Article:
Create 4000 high school graduates in India

Sep 6, 2013

Happy Feet and Leadership in Mumbra

Having a Ball!
Having a Ball!

Eighteen-year-old Zia Mansoori (name changed) looks forward to Sunday afternoons. Leaving home on the pretext of college-related work, she meets up with 20 others who have assembled in a room. They slip out of their hijabs, don t-shirts, long socks and shoes and it’s football time.

Encouraged by NGO Magic Bus, these Mumbra girls began their kicking pastime in October last. The game has since become, for them, a metaphor for freedom rather than a mere sport.

Girls playing this male-dominated sport are no longer a rare sight. But in this Muslim ghetto of Mumbra, it is no ordinary feat. Located on the outskirts of Mumbai, this township is home to a large population of communal-riots refugees. Twenty-four per cent of its women are illiterate, 92% don’t work and 28% are married before the age of 17 (Mumbra-a Status Report —TISS, 2011).

Zia’s family doesn’t know she plays football. To preclude confrontation, she finishes her share of household chores — cooking, cleaning and caring for her 2-month-old sister — before leaving for football training. Besides her parents, Zia has four brothers and two sisters. “Abba thinks girls have to stay at home so I don’t tell him I play. He doesn’t even want me to study but I fight and go to college,” she says.

Magic Bus initially intended to train 14-17-year-olds from Mumbra in football. But after the girls voiced their concern about playing alongside boys, the NGO made an exception. It decided to exclusively train girls of all age-groups here. Masood Akhtar, a member of Magic Bus, is the coach.

Aliya Shaikh (16) has got her father’s support but faces resistance from her three brothers and mother. “My father says this is my age for fun and play even though my brothers try to stop me,” she says. Most of the girls’ parents work in the unorganised sector. In many cases, they are single parents. A majority of the girls study through correspondence, as they eke out a living on the side.

If assembling enough girls to constitute a game of football was a challenge, making them stay on was far more complex. “We started distributing pamphlets in schools and colleges urging girls to come for training. Forty girls signed up but the enthusiasm petered out. We are now left with a team of 20 girls,” says Saba from the Forum Against Oppression of Women, one of the social workers. “Finding a ground was difficult too. Finally, we approached a temple trust which agreed to give us a ground that belonged to them.”

Girls’ entry into the grounds has already changed mindsets. Today, Mumbra has even seen a tournament between girls and boys. “Earlier, the boys didn’t let us play on the ground where they played cricket. Now, we play together. We recently had a mixed cricket and football tournament with them,” said Muskan Sayyad, a Class 10 student whose father encourages her to play as a recreation from studies.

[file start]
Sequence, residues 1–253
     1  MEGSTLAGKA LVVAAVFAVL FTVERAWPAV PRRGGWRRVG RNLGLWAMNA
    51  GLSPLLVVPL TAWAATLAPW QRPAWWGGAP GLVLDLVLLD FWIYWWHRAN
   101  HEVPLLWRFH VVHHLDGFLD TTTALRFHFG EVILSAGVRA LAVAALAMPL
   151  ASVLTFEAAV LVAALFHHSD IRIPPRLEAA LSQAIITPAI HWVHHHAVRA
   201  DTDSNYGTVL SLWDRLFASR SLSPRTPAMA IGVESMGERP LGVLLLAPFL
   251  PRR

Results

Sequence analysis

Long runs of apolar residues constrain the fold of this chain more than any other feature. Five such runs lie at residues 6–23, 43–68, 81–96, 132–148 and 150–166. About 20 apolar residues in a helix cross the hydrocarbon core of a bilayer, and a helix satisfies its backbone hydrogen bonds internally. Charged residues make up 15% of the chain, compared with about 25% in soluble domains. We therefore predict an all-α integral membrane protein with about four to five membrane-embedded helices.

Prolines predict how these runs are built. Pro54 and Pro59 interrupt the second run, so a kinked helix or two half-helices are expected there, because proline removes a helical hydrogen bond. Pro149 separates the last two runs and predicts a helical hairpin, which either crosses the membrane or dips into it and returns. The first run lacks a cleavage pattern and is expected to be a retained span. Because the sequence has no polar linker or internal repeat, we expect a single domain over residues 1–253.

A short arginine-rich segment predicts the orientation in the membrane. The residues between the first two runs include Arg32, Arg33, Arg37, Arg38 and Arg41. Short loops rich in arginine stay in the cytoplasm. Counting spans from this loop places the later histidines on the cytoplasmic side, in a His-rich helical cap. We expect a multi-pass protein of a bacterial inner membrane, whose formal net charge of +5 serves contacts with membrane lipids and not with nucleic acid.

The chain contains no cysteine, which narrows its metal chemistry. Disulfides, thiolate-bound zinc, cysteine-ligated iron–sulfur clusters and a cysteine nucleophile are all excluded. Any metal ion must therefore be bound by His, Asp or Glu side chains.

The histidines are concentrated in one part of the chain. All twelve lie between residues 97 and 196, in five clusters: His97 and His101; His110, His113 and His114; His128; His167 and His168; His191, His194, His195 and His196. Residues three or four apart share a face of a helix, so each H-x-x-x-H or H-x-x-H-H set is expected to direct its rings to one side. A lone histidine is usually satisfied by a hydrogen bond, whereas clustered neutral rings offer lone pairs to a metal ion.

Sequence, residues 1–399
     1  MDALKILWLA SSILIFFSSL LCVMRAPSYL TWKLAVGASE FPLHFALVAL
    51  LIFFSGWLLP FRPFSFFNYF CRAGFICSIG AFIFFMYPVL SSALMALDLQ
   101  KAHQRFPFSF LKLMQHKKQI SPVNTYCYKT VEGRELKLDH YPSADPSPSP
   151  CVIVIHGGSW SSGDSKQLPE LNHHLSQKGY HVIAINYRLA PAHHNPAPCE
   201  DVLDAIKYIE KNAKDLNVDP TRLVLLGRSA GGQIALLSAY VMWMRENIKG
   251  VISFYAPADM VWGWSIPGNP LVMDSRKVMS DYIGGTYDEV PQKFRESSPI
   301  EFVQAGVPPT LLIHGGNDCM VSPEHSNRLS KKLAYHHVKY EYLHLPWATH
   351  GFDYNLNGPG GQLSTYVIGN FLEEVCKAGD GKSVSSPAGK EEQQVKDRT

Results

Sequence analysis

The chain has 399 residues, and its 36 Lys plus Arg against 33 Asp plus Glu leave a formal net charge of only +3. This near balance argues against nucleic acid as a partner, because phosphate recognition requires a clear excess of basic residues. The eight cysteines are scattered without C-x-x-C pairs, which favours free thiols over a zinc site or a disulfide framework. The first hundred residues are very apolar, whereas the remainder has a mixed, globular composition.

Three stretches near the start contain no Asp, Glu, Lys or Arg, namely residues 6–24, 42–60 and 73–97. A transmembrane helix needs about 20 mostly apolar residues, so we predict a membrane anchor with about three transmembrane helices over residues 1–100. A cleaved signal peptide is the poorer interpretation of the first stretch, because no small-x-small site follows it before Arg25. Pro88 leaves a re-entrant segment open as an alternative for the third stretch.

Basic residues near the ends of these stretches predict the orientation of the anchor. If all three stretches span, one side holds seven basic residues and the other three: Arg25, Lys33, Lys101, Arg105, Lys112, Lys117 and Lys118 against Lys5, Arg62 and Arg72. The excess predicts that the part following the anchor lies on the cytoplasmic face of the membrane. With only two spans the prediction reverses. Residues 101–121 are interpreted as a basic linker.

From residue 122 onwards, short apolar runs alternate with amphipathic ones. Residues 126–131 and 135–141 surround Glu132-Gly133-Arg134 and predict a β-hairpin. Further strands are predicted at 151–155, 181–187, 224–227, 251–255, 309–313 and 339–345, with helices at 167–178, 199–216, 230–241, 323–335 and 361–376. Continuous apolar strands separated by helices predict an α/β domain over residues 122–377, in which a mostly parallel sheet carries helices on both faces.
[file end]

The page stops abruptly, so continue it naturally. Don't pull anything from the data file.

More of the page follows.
For the oldest player, Kausar Ansari (33), Sunday sessions are a stress-buster, especially after her recent divorce. “I would just watch the young girls play until I couldn’t resist stepping onto the field. Now there is no stepping back,” she says. Her 14-year-old son often comes to watch.

Now, equipped with a certain level of skill, fortitude and heightened self-esteem, the girls want to enter professional football. “We want to have our own club and maybe call it the Mumbra Girls Football Club,” says Fatima Mirza (20), who plays the game despite severe opposition from home.

Experiental Learning
Experiental Learning
Overcoming stereotypes!
Overcoming stereotypes!

About Project Reports

Project Reports on GlobalGiving are posted directly to by Project Leaders as they are completed, generally every 3-4 months. To protect the integrity of these documents, GlobalGiving does not alter them; therefore you may find some language or formatting issues.

If you donate to this project or have donated to this project, you will get an e-mail when this project posts a report. You can also subscribe for reports via e-mail without donating.

Get Reports via Email

We'll only email you new reports and updates about this project.

Organization Information


Location: Palo Alto, CA - USA
Website: http:/​/​
Project Leader:
Justin Reeves
Executive Director
Palo Alto, CA United States
$8,217 raised of $100,000 goal
118 donations
$91,783 to go
Donate Now
Donating through GlobalGiving is safe, secure, and easy with many payment options to choose from. Learn more.
Add Project to Favorites

Help raise money for this important cause by creating a personalized fundraising page for this project.

Start a Fundraiser

Learn more about GlobalGiving

Teenage Science Students
Vetting +
Due Diligence


Woman Holding a Gift Card
Gift Cards

Young Girl with a Bicycle

Sign up for the GlobalGiving Newsletter

WARNING: Javascript is currently disabled or is not available in your browser. GlobalGiving makes extensive use of Javascript and will not function properly with Javascript disabled. Please enable Javascript and refresh this page.